Students Viewed as Assets in their Communities
As you scroll down this page you will find:
- targeted toolkits and lesson plans
- local resources
- resources and opportunities for teachers
Although these resources focus heavily on Detroit, if you are in another urban community, these resources should also help you craft lessons and projects that guide instruction.
- Toolkits and Lesson plans - We have hundreds of them you can find via a targeted search. And we've just developed these Detroit area-focused toolkits: Food Security and Food Justice with lessons, local resources and service opportunities to help your students understand the issues and contribute to solutions; Environmental Justice Toolkit with lessons and service project ideas and community resources designed to spark ideas for learning and actions related to understanding and impacting environmental justice.
- Community-building exercises - These activities guide students to investigate community needs and resources ("mapping"), take action and then reflect on their experience.
- Social Justice toolkit - A step-by-step guide and the tools to support teaching about justice and advocacy, including resource organizations and suggestions for action.
- Service-Learning toolkit - Through the lessons and featured activities on this page, students learn that they are philanthropists when they take action for the benefit of others.
- Lessons developed by Detroit Area Teachers in Residence - Lessons include stewardship, global awareness, refugee understanding, justice, and community.
Need help in designing a service-learning project? Here are several resources for you about the process:
- An animated 3.5 minute student-friendly video that lays out the basics
- A step-by-step narrative with tips and links for teacher use
- A four-part teacher mini-course about service-learning with lots of examples, which earns you professional development credits
Here's a list of identified nonprofits that can be both good sources of information and partners for service-learning activities.
Check out these sources of research and reporting about Detroit and other communities, as well as well-established voter and advocacy groups.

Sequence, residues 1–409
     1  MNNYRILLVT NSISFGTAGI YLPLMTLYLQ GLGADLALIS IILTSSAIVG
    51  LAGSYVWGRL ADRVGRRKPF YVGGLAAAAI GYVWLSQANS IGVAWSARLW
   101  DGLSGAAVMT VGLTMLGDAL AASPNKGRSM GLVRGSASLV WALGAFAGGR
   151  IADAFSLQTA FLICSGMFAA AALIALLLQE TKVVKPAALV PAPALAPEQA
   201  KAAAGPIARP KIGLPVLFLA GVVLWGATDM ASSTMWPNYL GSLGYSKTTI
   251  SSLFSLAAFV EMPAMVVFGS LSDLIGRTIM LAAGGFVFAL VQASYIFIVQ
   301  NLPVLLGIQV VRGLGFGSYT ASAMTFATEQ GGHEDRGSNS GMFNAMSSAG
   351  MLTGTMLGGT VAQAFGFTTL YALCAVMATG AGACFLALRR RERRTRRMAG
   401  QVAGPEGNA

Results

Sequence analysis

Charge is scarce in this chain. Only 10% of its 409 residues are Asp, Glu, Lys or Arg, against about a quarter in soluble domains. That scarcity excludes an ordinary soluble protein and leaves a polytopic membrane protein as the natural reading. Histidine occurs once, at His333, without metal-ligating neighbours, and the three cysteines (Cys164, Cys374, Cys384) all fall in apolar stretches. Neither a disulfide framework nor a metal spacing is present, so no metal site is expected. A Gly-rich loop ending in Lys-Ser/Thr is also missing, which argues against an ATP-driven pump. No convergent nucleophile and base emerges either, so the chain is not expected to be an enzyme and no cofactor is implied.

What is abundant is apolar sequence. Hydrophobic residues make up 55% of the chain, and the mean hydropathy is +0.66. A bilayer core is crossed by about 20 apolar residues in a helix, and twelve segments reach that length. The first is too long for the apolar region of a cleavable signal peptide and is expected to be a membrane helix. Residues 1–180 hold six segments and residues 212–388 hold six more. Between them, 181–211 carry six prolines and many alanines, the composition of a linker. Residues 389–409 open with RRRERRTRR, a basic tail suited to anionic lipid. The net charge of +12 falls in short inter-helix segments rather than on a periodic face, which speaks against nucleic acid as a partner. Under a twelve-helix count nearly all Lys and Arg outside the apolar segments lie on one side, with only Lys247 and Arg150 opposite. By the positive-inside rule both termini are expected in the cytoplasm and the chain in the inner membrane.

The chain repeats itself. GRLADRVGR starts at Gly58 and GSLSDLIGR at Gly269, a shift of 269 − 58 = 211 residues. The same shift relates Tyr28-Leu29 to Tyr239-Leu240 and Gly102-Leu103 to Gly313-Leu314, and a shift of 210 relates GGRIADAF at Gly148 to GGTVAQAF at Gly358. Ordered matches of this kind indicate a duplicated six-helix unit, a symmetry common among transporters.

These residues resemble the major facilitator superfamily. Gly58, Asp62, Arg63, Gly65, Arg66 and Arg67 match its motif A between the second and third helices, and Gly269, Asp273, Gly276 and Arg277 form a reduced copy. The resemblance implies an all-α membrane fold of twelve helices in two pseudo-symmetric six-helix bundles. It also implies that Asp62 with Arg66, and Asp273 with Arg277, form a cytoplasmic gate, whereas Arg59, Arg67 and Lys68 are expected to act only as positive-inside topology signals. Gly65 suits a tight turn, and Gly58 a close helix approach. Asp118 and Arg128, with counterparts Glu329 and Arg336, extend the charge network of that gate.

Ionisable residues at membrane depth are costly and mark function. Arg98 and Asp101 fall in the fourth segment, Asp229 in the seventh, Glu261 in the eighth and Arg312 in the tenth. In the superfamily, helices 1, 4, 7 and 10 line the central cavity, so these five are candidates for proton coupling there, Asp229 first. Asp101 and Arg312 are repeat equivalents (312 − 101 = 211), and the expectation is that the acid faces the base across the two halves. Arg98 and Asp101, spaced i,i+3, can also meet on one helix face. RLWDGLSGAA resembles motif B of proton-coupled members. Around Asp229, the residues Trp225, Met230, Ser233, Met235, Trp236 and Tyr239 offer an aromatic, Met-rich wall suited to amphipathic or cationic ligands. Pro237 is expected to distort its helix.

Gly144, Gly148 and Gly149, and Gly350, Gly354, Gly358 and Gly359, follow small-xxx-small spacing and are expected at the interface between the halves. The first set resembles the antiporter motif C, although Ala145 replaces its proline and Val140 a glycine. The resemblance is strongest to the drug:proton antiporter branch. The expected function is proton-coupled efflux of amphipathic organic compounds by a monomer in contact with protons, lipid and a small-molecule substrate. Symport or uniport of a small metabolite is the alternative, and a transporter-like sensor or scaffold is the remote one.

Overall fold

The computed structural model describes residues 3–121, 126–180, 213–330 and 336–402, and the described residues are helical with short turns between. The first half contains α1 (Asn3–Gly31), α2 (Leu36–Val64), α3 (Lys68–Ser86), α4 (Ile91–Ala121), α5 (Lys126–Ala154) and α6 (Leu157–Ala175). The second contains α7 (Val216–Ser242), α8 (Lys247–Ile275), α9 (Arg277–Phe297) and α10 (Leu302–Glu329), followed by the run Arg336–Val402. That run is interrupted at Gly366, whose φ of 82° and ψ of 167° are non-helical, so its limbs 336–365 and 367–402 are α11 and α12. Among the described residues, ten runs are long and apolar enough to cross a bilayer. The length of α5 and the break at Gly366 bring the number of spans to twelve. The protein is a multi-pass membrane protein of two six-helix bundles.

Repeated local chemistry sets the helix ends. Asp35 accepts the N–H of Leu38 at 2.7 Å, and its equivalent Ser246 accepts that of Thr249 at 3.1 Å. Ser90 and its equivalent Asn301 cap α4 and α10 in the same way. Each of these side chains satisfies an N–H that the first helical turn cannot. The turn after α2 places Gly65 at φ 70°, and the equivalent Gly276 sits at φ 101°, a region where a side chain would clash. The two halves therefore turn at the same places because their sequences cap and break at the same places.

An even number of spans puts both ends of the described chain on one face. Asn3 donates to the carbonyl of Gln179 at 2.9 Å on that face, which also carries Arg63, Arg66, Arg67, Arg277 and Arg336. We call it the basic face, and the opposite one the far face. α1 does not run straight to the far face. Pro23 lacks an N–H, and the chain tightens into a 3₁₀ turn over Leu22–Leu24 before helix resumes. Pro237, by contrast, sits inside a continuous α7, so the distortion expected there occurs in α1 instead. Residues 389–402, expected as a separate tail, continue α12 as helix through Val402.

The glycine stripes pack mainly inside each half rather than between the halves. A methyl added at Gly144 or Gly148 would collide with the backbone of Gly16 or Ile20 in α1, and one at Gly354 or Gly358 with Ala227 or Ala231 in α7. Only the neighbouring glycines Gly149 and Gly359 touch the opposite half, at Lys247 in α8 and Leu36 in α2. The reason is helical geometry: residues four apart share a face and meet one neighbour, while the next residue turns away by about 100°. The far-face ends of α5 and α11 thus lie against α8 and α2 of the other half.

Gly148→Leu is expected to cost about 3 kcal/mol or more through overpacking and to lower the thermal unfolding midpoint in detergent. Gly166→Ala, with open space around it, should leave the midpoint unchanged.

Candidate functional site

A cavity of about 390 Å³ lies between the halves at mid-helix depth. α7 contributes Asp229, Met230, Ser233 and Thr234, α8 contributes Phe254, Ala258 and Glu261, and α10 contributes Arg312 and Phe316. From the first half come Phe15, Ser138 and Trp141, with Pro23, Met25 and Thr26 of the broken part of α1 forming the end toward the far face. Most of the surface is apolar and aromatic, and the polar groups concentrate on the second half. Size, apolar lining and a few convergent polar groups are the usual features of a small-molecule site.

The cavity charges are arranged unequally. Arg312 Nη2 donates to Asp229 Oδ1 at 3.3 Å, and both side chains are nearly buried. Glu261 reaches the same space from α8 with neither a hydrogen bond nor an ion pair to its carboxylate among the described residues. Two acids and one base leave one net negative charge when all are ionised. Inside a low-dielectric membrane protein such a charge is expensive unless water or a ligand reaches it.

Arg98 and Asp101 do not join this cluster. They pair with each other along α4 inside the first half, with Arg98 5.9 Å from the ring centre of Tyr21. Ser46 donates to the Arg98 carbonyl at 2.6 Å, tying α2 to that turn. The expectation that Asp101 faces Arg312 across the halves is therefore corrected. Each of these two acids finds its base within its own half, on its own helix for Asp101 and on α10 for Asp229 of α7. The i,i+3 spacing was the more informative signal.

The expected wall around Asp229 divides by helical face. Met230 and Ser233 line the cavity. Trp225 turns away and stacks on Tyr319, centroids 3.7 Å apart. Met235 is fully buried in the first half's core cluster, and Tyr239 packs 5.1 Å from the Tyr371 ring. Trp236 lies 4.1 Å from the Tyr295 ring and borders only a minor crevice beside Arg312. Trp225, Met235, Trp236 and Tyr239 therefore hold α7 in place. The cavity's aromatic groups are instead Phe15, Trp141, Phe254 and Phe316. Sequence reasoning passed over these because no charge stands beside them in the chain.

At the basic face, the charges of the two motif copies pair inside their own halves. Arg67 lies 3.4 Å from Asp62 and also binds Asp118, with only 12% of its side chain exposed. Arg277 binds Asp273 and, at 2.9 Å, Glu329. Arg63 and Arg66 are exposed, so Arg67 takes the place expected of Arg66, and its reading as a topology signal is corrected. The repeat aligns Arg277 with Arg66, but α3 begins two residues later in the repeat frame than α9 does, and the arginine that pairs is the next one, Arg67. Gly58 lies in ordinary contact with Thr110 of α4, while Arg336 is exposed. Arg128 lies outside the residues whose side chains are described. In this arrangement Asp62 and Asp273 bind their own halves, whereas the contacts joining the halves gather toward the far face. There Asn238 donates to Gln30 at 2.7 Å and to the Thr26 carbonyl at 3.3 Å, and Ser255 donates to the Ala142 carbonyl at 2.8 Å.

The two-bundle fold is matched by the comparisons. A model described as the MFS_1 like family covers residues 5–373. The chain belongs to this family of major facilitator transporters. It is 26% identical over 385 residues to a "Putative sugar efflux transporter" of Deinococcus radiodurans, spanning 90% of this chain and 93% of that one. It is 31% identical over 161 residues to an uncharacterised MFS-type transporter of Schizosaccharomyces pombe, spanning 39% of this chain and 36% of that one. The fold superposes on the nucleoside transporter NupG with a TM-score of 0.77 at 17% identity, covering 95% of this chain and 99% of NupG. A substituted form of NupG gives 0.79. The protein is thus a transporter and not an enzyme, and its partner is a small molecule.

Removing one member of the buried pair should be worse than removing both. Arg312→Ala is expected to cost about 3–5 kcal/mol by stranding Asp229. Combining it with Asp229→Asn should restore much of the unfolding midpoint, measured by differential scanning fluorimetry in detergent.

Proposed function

The Michigan eLibrary offers free eResources and data bases (often aligned to standards) for teachers, students and parents. We found a useful Opposing Viewpoints database to support Difficult Conversations in your classroom. From the mel.org homepage, just click 'Databases' on the main navigation toolbar, click the letter 'O', and you'll find the Opposing Viewpoints in Context eResource.
Resources and Opportunities for Teachers
We're here to support you and your work in many ways:
- Lead Your School - A Philanthropy Field Guide that is an exemplar to whole-school engagement.
- Free Mini-courses - Learn when and where it best works for you; earn certificates that may be applied toward continuing ed credits and professional development.
- Mini-grants - Learning to Give provides financial support for service-learning projects. The application is easy and requirements are few.
- Teacher in Residence - Every summer one teacher from Wayne County works closely with Learning to Give to develop new content and resources for the national audience. Applications are open every year between March 1-April 15.
- LTG Collaborative - Learn from and share your ideas with a community of educators from around the country via webinar or phone.
Share Your Students’ Work
Let's promote excellence in students' work while magnifying their voices and inspiring others to contribute to their communities in age-appropriate ways.
Michigan Social Studies
This 2-page document includes a list of resources that empower students with knowledge and skills of voluntary action and civic engagement. We've picked out some favorites and new products to help get you started!